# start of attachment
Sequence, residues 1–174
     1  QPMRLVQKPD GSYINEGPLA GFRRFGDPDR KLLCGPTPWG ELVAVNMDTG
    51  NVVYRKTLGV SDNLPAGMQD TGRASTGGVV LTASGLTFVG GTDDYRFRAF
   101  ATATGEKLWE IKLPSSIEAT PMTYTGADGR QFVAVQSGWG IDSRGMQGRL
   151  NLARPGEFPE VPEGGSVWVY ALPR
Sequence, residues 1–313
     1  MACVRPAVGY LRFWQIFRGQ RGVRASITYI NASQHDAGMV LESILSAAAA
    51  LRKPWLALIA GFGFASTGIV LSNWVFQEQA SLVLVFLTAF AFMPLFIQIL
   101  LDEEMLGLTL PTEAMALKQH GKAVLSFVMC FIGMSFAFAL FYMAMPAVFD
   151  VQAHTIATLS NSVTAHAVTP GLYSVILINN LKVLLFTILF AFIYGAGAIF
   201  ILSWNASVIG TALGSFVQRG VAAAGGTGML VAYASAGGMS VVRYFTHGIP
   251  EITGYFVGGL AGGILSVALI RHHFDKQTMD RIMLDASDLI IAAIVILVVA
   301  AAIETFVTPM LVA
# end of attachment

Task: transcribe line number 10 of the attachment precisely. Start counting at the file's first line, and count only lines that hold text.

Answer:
   151  VQAHTIATLS NSVTAHAVTP GLYSVILINN LKVLLFTILF AFIYGAGAIF